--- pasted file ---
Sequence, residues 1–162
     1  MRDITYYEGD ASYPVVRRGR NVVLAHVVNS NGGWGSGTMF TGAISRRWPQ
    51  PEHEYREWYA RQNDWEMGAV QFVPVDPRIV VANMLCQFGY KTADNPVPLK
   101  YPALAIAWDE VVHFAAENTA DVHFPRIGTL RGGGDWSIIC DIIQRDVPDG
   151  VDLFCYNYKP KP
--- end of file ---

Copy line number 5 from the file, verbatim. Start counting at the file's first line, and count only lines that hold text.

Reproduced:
   151  VDLFCYNYKP KP